South America's leftward tilt has gained momentum with the likely victory of Bolivian presidential candidate Evo Morales, the coca-farming Indian who calls himself "Washington's nightmare."
Morales, whose election is all but assured given his unexpectedly wide margin in Sunday's voting, takes guidance from anti-US populist President Hugo Chavez of Venezuela and considers Argentine revolutionary Ernesto "Che" Guevara his hero.
Morales and Chavez, along with more moderate leftist presidents in Brazil, Argentina and Uruguay, have risen to power in part by appealing to their citizens' profound frustration with US political, military and economic influence in their countries -- rhetoric that suggests how much goodwill the US has lost in the region in recent years.
"Clearly in Latin America, things are not happening the way the United States would like to see them happen," said Michael Shifter, vice president for policy at Inter-American Dialogue, a Washington think tank. "And the question is: Will the US try to be more engaged and be supportive of the people who believe in the same thing as it does, or will it react to these trends as threats to the US, which could turn them into a self-fulfilling prophecy?"
Despite their strident anti-US rhetoric, these leaders seem intensely focused on big business. Setting aside some old grievances, they are busily expanding economic alliances, making energy deals and planning new roads. They're talking about a resurgent South America that finally delivers economic progress for its people, with little help or guidance from Washington.
Morales may have a sharper learning curve than Brazilian President Luiz Inacio Lula da Silva and Argentine President Nestor Kirchner, who announced early payoff plans this month for their once-crushing IMF debts, saving billions in interest and restoring no small amount of national pride.
"I'm a little nervous," Morales confessed to an Associated Press reporter at his victory party.
And he should be -- a leader of street protests with an 11th grade education, Morales, 46, will have to build coalitions with his former antagonists among Bolivia's business elite to deliver quickly on his promises.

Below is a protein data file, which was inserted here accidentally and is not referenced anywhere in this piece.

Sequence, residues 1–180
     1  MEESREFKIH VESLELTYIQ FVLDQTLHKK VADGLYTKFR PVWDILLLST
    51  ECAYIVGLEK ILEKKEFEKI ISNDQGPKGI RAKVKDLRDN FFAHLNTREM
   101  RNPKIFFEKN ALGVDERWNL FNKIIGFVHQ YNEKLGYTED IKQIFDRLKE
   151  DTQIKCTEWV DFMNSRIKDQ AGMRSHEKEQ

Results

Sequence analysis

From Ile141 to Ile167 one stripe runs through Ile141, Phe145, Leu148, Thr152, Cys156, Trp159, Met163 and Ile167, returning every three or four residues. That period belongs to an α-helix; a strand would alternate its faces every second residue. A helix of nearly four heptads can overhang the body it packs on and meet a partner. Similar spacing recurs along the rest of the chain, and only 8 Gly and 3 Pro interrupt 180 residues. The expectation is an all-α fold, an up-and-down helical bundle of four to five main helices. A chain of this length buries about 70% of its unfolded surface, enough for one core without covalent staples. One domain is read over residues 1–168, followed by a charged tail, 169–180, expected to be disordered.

He's counting on help from Chavez, who was the first to congratulate him after Sunday's voting. Chavez reached Morales by phone at his family home on a dirt road in Bolivia's coca-growing region of Cochabamba, and told him he would spread the good news with Cuban President Fidel Castro, Morales said with a wide grin after hanging up the phone.
Such collegial relations among Washington's longtime irritants may capture the imagination of South Americans frustrated with US-backed free-market policies that have done little to alleviate entrenched poverty among the continent's 400 million people.
But Latin American history is littered with former leaders who promised sweeping reforms only to leave office in disgrace. With the exception of Chavez, who can afford to make grand gestures because of Venezuela's huge oil revenues, leftist leaders like Kirchner and Silva know they must work with the world's financial institutions and multinational corporations to prove they are any different.
Silva promised a "Zero Poverty" program in his 2002 campaign, so far with little effect, according to critics. Kirchner has increased social spending, yet 40 percent of Argentina's 36 million people remain in poverty, a shameful legacy for a country once regarded among the world's wealthiest.